Category Archives: American life

The case for human rights, freedom

fireworks2In recognition of Independence Day and the courage of our Founding Fathers, we have published the Declaration of Independence in The Eagle and online. Spend a few minutes reflecting upon its words and the case for human rights and freedom.

Lincoln said so much with so few words

lincolnSeven score and 10 years ago, Abraham Lincoln showed how much could be said with so few words. His Gettysburg Address – delivered Nov. 19, 1863, at the dedication of the Soldiers’ National Cemetery in Gettysburg, Pa. – lasted just more than two minutes. Despite its brevity, the address movingly reminded the nation of the ideals of its founding. It also called on the living to honor those who died. And it expressed the urgency of ensuring that “government of the people, by the people, for the people, shall not perish from the earth.” The only thing Lincoln got wrong was his statement that “the world will little note, nor long remember what we say here.”

Merry Christmas

Christmas greeting to all you bloggers. Though the shooting in Newtown, Conn., has left many people saddened, and economic struggles continue for many, may the peace, comfort and hope of this season be felt by all.

Happy Thanksgiving

The release this month of Steven Spielberg’s movie “Lincoln” has put the spotlight back on our nation’s 16th president, an Eagle editorial notes. In addition to helping push through Congress the 13th Amendment outlawing slavery, President Lincoln also set apart the last Thursday of November as a national “day of Thanksgiving and Praise.” Even in the midst of the Civil War, Lincoln realized that our nation had much to be thankful for – as is also the case today.

Remember Pearl Harbor

“Dec. 7, 1941, may be a day that ‘will live in infamy,’ but that month, those years, that war revealed an American character still on display in our military today, though it’s somewhat lacking in our civilian population.” — columnist Cal Thomas on today’s 70th anniversary of the attack on Pearl Harbor.

Happy Thanksgiving

Our Opinion pages today include the proclamation President Lincoln issued Oct. 3, 1863, to officially set apart the last Thursday of November as a national “day of Thanksgiving and Praise.” Even in the midst of the Civil War, Lincoln realized that our nation had much to be thankful for, and he recognized the source of those blessings. His words have fresh meaning today, when it is easy to become discouraged by economic struggles and political divisions.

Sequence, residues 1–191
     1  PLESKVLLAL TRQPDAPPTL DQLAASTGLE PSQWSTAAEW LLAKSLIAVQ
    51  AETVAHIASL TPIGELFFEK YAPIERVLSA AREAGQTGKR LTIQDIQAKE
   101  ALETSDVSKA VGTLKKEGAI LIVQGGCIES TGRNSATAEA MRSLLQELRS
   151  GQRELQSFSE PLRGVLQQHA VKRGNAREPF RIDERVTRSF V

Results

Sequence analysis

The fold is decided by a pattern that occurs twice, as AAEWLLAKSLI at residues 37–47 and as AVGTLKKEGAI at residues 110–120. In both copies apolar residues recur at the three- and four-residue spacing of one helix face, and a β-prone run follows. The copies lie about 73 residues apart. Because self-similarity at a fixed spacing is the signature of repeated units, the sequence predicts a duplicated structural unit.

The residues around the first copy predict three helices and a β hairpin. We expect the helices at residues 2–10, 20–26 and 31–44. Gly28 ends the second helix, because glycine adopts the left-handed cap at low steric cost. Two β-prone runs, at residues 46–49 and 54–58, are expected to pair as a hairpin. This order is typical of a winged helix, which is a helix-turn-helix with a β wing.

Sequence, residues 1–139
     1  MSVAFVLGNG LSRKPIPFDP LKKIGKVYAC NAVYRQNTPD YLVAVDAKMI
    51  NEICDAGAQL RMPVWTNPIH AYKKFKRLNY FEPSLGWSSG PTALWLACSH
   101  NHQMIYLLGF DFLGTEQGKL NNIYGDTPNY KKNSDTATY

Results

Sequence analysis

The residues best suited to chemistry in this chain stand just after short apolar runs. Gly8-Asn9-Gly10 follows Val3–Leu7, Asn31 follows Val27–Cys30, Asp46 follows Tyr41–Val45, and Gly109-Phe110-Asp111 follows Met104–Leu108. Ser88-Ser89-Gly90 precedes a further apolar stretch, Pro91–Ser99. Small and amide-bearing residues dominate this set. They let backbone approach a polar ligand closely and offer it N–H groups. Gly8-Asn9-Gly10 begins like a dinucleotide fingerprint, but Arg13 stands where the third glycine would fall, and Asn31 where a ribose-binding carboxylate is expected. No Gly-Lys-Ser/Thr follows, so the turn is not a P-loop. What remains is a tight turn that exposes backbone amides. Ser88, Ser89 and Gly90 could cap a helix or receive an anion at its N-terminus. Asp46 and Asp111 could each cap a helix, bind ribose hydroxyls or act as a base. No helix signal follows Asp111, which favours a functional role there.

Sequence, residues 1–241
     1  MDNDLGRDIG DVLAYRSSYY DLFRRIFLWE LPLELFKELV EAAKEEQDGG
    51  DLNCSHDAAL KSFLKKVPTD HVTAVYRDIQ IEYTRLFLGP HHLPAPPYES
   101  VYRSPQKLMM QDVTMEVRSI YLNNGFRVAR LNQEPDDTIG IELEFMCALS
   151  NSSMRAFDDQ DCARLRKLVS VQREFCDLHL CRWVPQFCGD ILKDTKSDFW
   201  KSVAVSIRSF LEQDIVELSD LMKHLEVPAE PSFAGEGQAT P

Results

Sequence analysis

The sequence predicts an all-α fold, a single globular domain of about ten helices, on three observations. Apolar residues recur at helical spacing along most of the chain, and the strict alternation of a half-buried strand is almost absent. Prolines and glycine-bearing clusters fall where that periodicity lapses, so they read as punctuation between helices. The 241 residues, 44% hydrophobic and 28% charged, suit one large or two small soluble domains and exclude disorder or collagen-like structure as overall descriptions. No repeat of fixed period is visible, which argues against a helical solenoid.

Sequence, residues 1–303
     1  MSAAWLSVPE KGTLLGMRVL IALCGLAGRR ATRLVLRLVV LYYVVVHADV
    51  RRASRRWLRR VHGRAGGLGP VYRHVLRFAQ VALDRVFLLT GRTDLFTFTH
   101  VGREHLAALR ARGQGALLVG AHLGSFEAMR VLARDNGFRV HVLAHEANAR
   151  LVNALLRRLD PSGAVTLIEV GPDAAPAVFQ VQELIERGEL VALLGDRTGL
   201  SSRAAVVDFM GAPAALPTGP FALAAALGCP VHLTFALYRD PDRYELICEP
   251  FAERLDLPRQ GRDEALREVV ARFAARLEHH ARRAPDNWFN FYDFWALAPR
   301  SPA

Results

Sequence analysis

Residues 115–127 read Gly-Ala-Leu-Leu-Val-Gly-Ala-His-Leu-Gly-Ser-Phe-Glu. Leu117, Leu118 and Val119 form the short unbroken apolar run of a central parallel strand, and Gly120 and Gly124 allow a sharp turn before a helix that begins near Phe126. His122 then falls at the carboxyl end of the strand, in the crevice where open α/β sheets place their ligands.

Does Prohibition show that U.S. should legalize drugs?

Ken Burns’ excellent documentary on the Prohibition is prompting calls to end America’s War on Drugs and legalize drugs. But Kevin A. Sabet, a former senior policy adviser to President Obama’s drug czar, contends that “if our experience with legal alcohol provides us with any lessons for drug policy, it is this: We have little reason to believe that the benefits of drug legalization would outweigh its costs.” He also argues: “It is wrongheaded to think that the only choices we have in drug policy are a punitive approach centered exclusively on enforcement, or one based on careless legalization. Neither has ever worked particularly well.” Meanwhile, the October issue of Libertarian-focused Reason magazine has a cover story lamenting that, despite his pot-smoking youth, Obama turned out to be just another drug warrior. Its headline: “Bummer.”

Saggy pants not City Council’s problem

It’s OK that Vice Mayor Lavonta Williams wants to hear what her constituents think about young people wearing pants or skirts that droop below their waists. But the Wichita City Council should not follow in the footsteps of Albany, Ga., which passed an ordinance banning saggy pants. The fashion fad is not the City Council’s problem to solve. Williams agrees. Meanwhile, young people should realize that, instead of looking cool, they are “lookin’ like a fool” with their pants on the ground.

Divorce gap between cities, rural areas disappearing

Forty years ago, divorced people were more concentrated in cities and suburbs, but now rural Americans are just as likely to be divorced as city dwellers, the New York Times reported. One reason for the change is that college-educated Americans are now more likely to stay married than those with only a high school diploma, and 1 in 6 rural residents has a college degree, while 1 in 3 city residents does.

Other presidents worthy of day off?

Has any president since George Washington earned a federal holiday marking his birthday? (Abraham Lincoln’s Feb. 12 birthday is usually lumped in with Presidents Day, the unofficial name of the federal Washington’s Birthday holiday). In a Rasmussen Reports survey, 27 percent of respondents said they believe Ronald Reagan (Feb. 6) should be next in line for such an honor, with 20 percent endorsing a John F. Kennedy (May 29) holiday, 14 percent picking Thomas Jefferson (April 13) and 9 percent picking Franklin Roosevelt (Jan. 30). Twenty-eight percent said the nation has too many federal holidays as it is.